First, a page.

How Surfing Taught Me to Fall

“We are travelers on a cosmic journey, stardust, swirling and dancing in the eddies and whirlpools of infinity. Life is eternal. We have stopped for a moment to encounter each other, to meet, to love, to share. This is a precious moment. It is a little parenthesis in eternity.”The Alchemist, Paulo Cuelho

When we were asked to consider a “personal project” in Auroville, I knew long before – a year ago approximately – that surfing would be my mine. When setting intentions for 2018, I was thinking about my life as a sum of experiences and what Benjamin Franklin once wrote, “Time. That is the stuff life is made of.”

If we take that to be true, then how we are spending time is how we are spending our life.  When writing intentions for the past year, I considered things I longed to do but never made time for: school, work, my to-do list but occupied my time but did not always nourish my soul. This’ll be the year, I thought, this’ll be the year I finally take up surfing.

And so it happened, on Christmas Day, I started not quite surfing, but instead, wiping out with dismal disgrace (no pictures of actual belly flopping will be provided).

surfing.jpg

As much I wanted to say Fuck this in between the mouthfuls of warm salty water, I couldn’t help but use the experience as an opportunity for deeper understanding and growth.

Why is it harder to let ourselves “fail” as adults, when for kids it’s child’s play?

My session with Vikram, an Aurovillian metaphysical trainer and councilor, came back to me in a flash of intuition.

-Envision success, envision failure. What are they really? 

-Illusions.

-Exactly, now let yourself fall. Get back up.

Flash forward to Serenity Beach: I fell off the board, I got back on the board. I fell off, I got back on.

On that beat, a few lines from the poem “Failing and Flying” by one of my favorite, lesser-known poets, Jack Gilbert, go a little somethin’ like this:

Everyone forgets that Icarus also flew.

It’s the same when love comes to an end,

or the marriage fails and people say

they knew it was a mistake, that everybody

said it would never work. That she was

old enough to know better. But anything

worth doing is worth doing badly.

The poet uses the myth “The Fall of Icarus” as a counter-parable for a ‘failed marriage. Imprisoned by King Minos, Icarus’s father makes him wings but warns him not to fly too close to the sun. Ecstatic with the ability to fly, he does not heed his father’s words; soaring higher, and higher, the wings catch fire, and Icarus falls to his death.

Gilbert asks us to consider that something is not a failure because it ends; Icarus did fly – SOAR – after all.

Just as planets are formed from exploding supernovas, just as the Phoenix rises from the ashes, there must be death for birth. Impermanence is an eternal paradoxical cycle. Something must end for something else to begin. And just because we fall, doesn’t mean it’s a failure. It’s an experience in the grander scheme of our lives. Are we present?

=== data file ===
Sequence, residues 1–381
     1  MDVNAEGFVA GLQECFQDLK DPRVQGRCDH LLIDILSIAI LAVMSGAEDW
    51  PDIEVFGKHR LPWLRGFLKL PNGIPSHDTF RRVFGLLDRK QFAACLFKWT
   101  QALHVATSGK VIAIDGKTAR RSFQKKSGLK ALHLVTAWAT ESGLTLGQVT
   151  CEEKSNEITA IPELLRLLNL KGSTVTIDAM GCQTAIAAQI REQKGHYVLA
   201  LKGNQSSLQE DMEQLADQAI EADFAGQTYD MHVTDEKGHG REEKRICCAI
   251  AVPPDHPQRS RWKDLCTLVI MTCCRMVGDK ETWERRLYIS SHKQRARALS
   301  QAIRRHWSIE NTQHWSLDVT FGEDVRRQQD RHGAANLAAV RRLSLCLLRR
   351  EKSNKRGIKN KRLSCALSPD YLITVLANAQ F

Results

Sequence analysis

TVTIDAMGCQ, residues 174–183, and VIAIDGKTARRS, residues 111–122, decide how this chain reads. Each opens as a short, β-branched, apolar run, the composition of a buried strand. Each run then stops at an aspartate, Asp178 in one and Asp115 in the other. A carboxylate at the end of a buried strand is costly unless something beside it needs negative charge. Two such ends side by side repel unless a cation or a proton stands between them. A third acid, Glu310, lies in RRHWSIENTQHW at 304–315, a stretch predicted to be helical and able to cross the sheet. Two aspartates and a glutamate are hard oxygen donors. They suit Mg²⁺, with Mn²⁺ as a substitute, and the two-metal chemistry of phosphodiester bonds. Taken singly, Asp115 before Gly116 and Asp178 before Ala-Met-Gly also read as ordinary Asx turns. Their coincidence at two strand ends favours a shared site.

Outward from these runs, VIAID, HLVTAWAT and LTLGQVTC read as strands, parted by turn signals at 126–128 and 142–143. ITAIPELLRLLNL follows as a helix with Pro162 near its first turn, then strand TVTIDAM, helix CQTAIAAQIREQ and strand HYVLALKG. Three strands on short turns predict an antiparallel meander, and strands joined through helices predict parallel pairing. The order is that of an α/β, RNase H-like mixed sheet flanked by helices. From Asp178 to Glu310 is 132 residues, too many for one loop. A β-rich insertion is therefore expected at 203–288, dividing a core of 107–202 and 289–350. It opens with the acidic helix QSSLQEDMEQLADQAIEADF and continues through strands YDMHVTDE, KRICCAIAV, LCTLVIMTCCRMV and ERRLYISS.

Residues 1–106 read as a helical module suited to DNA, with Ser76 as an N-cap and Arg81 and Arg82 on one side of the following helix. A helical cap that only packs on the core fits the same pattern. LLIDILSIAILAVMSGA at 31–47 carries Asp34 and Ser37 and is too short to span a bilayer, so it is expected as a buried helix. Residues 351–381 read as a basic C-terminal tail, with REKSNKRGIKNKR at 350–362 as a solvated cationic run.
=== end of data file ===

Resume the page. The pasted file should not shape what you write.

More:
I won’t be booking my next vacation spot to Hawaii for a surf competition anytime soon, but a handful of lessons later, I felt the sweet spot of connecting with a wave and riding it to the shore. Perhaps just as important, I became totally okay with falling in the process.

I believe that surfing was symbolic of another underlying fear I had for my own NGO project: that I would fail. Somehow at least, by either not completing or by not pleasing.

With lack of internet, with time constraints, with lack of skill sets, would it be possible to succeed?

***

He grabbed my hand and led me around the gym.

Look at all this around you; this is the journey of your life. All this stuff, it’s just distractions. But the journey – are you experiencing it? Success. Can you feel success? Can you touch it? Can you take it with you when you die?

***

She took nothing with her when she died. In those final moments before my mom passed away, I looked around the room; only the people there could be quantified, and only the love could be qualified.

***

By conversing and exchanging with my NGO Upcycling guru, Marc, he taught me not to focus so much on the end product, but to be present in the process; because really, life is not about the destination but the journey. If we don’t stop, look around, and smell the roses every now and then, it’ll pass us by.

His mantra, after all, was “move from doing it all yourself to doing it all together.”

Diptee, on the last day, talks about Atman and Brahmin in Indic philosophy and universal consciousness. How the soul, Atman, is a drop of water and liberation is its merging into the vast ocean which represents the Supreme Soul, Brahmin. The soul and God are equal in every respect, and liberation or moksha entails realization of one’s connection to the source. Thus, one’s mistaken sense of individuality is dissolved, and one merges into the all-pervading Supreme.

What does one-ness feel like? I wondered.

It felt like when I finally hit that sweet spot and became one with the wave, nature and the literal and metaphorical flow of the source.

It felt like the ebb and flow of the music reverberating through my body and those around me at the Solitude Farm Festival; and how Krishna said celebrations are us celebrating each other’s existence, in that time and space, together.

It felt like when I held the camera to my face at Upcycling and I got lost in the flow of the creative process.

On that note, I sign off with a quote by Ram Dass :

“Nobody is going anywhere. Nobody is coming from anywhere. We’re all here. We’re all here. In eternal time and space. We’re always going to be here. We’re just doing nataraja, the divine dance. We’re dancing. And dancing. And dancing. Dance after dance, in one body, in another body. And we’re all here. We’re all staying right here.”

By Marissia Tiller

 

 

 

 

 

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